States Should Use Their Power to Manage Coal’s Orderly Exit

The Australia Institute has welcomed the Energy Security Board’s (ESB) advice that state Energy Ministers be encouraged to step in and manage the orderly retirement of coal fired power stations in the National Electricity Market (NEM).

The proposal to use ‘Orderly Exit Management Contracts’ was made in the ESB’s post 2025 Market Design options paper and is the preferable regulatory route to securing stability of supply as coal is phased out of the NEM, the Australia Institute says.

“It is time for the states to step in and take control of the failing coal generators in the national grid. This is a common sense, low cost and practical solution that would guarantee reliability while facilitating the transition to clean, dependable, renewable energy of the future,” said Dan Cass, Energy Policy & Regulatory Lead at The Australia Institute.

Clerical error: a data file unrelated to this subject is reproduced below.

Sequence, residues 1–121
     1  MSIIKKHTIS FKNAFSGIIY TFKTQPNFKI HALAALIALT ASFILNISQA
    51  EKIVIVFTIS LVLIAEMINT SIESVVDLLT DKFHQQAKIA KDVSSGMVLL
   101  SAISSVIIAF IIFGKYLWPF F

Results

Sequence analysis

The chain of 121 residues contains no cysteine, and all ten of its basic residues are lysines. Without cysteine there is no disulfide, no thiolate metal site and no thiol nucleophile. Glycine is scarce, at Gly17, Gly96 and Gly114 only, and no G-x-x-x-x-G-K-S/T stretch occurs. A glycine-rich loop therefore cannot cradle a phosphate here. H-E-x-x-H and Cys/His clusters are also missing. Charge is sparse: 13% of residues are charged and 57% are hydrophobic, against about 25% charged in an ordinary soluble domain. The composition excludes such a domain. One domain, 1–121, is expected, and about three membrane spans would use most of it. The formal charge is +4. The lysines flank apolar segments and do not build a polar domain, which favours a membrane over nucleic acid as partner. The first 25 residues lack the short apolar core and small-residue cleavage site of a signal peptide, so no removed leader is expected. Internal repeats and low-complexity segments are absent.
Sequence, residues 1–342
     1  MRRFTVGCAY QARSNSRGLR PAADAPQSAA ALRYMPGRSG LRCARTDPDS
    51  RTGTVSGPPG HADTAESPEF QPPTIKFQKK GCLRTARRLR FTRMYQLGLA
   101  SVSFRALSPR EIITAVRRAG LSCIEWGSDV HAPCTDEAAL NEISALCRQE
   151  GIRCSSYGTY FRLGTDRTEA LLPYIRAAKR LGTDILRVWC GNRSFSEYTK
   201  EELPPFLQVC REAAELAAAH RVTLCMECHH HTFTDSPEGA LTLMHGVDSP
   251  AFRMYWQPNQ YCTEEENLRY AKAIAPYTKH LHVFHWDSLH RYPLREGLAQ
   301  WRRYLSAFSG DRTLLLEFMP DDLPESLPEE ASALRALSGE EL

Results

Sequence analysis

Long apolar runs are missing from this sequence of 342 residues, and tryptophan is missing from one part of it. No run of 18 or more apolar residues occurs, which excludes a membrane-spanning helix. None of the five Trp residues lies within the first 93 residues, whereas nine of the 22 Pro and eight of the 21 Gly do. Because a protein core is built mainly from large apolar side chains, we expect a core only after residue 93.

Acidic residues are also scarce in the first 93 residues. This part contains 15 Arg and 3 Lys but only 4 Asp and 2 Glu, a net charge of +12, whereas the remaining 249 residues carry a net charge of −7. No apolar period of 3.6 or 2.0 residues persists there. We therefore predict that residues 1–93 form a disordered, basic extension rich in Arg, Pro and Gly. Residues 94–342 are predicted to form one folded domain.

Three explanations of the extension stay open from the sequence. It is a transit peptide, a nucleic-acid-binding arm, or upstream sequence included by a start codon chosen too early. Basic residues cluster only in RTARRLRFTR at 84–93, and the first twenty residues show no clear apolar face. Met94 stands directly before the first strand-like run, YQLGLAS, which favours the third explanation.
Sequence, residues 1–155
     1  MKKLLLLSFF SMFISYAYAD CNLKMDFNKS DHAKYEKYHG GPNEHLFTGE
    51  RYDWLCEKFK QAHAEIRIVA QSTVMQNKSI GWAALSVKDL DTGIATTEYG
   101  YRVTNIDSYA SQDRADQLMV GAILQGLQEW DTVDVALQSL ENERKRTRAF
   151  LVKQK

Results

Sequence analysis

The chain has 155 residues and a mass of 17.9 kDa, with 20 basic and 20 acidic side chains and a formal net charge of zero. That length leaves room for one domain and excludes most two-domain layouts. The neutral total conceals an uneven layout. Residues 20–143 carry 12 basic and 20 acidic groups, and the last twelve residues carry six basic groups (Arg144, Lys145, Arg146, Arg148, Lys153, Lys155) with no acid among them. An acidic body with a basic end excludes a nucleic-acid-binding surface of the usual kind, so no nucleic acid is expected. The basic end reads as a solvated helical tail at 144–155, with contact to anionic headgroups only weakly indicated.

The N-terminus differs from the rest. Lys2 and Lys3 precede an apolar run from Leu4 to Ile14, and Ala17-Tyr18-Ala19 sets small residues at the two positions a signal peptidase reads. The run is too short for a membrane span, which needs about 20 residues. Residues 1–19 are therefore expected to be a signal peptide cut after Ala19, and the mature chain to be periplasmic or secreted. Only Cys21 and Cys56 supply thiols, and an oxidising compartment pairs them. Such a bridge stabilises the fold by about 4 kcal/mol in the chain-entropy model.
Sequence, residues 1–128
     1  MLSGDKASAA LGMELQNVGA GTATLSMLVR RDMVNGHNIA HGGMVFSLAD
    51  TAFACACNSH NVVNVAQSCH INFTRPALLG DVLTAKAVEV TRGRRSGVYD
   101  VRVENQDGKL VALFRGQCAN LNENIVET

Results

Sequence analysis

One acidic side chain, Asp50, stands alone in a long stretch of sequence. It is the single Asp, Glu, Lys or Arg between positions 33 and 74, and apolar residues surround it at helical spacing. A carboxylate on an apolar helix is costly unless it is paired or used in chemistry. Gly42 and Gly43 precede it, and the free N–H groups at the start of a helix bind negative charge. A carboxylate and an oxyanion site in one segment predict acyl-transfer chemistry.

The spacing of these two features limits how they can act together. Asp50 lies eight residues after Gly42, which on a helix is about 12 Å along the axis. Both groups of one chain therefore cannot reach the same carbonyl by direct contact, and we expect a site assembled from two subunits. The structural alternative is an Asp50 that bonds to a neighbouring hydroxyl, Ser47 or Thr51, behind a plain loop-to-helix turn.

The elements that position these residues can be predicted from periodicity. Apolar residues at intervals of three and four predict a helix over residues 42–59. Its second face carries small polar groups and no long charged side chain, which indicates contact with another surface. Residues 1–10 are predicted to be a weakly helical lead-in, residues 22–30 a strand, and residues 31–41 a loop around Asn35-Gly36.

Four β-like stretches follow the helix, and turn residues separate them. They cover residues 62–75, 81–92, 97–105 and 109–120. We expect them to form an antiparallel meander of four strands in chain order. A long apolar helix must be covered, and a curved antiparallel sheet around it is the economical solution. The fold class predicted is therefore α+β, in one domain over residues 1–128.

“Coal power stations have been letting Australia down on multiple fronts. They are unreliable, under-regulated and refusing to act in the national interest.

“Coal will soon be making its inevitable exit from the National Electricity Market and that final step needs to be properly managed to guarantee the best outcomes for the Australian community.

“Orderly Exit Management Contracts will allow the states to solve the energy trilemma of reliability, cost and reducing carbon pollution in the most efficient way possible.

“This is the ultimate insurance policy for state Energy Ministers. It allows them to proceed with building out renewable energy capacity without fear that new supply will undermine the profitability of coal power stations.”

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